Meet Fred, he is the Avatar for my new book, “Create Your Own Job Security: Plan to Start Your Own Business at Midlife.” IF Fred sounds like you, you need to protect yourself by buying my book. Fred was born in small-town America in the
1940s, had a chance to participate in high school athletics, was reasonably good at it and also tried out for the School Play and was on the Debate Team. Like all able-bodied men in his generation he was facing being drafted for the Vietnam War. He went to his state land-grant university where he participated in ROTC and came out as a second lieutenant of engineers.
While in college he met Mary, who would later become his wife, but they decided to postpone marriage while she continued her studies to become a nurse and he discharged his obligation to serve two years of active duty with the U.S. Army. Fred was posted first to Ft. Belvoir, Virginia, where he received training to become a Combat Engineer Platoon Leader and was then posted to various locations in Vietnam. He participated in several actions, was wounded, returned home and after his release from active duty, married Mary.
His engineer training and experiences in Vietnam enabled him to find work with various construction and building companies, where he ultimately became a district manager for the firm. With more than 20 years with his present company he looked forward to retirement with a pension, social security and health benefits. Although he did have occasional flashbacks from his war experiences, he generally managed these events fairly well. He never did say much about these experiences to his wife or his two children Bob and Susan. All told, his life with a growing family in mid-America was going fairly well, although Susan had a mild language disability which she managed, with professional help, to work through.
Two years before he was to retire with full pension and health benefits, his company was bought out by a multinational construction company based in London. Under new leadership he feared that he was going to be laid-off at any time to be replaced by an engineer from India or now considered “redundant,” because the combined company already had existing operations management functions in his geographic area. His friends were being dismissed as soon as they completed their major on-going projects, and he felt reasonably certain that he would soon be among the pool of the knowledgeable unemployed working in the gig economy with no real security for him or his family. He felt betrayed, disappointed and angry.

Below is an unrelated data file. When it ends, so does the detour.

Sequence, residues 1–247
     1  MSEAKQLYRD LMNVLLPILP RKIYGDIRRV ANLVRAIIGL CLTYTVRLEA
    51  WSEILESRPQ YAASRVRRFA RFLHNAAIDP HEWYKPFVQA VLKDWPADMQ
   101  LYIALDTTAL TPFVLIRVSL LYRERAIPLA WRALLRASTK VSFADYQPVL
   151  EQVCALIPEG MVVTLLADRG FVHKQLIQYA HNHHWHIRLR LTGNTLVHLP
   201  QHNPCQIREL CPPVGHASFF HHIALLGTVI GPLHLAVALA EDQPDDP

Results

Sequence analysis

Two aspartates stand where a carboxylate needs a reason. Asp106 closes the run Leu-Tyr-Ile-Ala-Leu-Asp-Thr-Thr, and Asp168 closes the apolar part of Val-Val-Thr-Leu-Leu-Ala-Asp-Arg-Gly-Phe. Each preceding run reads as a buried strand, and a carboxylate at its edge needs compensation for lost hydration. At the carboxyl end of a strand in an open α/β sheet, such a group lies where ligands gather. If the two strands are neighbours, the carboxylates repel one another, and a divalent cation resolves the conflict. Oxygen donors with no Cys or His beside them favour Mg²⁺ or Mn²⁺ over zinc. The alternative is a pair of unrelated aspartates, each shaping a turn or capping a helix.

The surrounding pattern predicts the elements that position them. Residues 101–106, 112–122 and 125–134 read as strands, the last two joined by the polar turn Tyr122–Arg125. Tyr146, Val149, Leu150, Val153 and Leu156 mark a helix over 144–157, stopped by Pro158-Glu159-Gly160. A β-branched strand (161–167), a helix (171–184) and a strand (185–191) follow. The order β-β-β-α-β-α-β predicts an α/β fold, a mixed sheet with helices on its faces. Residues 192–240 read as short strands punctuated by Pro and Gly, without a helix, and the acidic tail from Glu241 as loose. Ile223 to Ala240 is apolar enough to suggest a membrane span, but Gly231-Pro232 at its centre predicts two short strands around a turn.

This knowing uncertainty caused him to seriously consider his options and whether he wanted to move away from where he lived and had relocated his aging parents. His mother had been diagnosed with a terminal cancer and was not expected to survive the year, and his father, while in better physical condition, seemed to have a progressive dementia.
He needed to shield himself and his family from this coming financial crisis, and the best way to do that was to start his own business. While still employed he registered his new business as a consulting planning engineer with the state, started the state licensing process and rearranged his house so that he would have a now empty bedroom as a home office. The unused formal dining room became a conference room that enabled him to present information to clients, lay out plans, etc.
He started putting out bids to companies who were initiating new subdivisions and planing new manufacturing facilities to increase his client base and started doing limited work for them on the side. Ultimately, the dreaded day came. Abruptly he received a call to report to the Human Resource office where he was sat down before a 20-something that he had never seen and handed an envelope with his severance packet. He was told that his office computer and phone had been disabled, and he was to gather his personal things and leave the building within two hours. A young lady with some boxes and tape was assigned to help him, and an armed guard was assigned to receive his keys, company ID and walk him out to his car. He was to speak to no one as he left. If he disregarded these instructions his separation package would be withdrawn, and he would lose his now-reduced pension and diminished benefits caused by his early separation from the company. (As if it had been his fault that he was being pushed out the door.)
Having been warned by his friends who had already been dismissed, this was not unexpected. Although he could scarcely contain his rage, he got his stuff together and left. Someone had already removed his pictures and awards from his office wall and put them into a box. As he packed he felt a since of relief. Bad as it was, at least the anguish of not knowing was over.
His head cleared and he took in a lung full of fresh air as he walked into the parking lot followed by boxes containing records of his last 20 years of life being pushed out on a dolly behind him. Today was the first day of his new life, and he already knew what he was going to do with it. Resisting the temptation to run down the company sign beside the highway as he left, he drove towards home thinking about which of his new-found clients he was going to call first.
Create Your Own Job Security
Generally available for special promotion price of $10.99.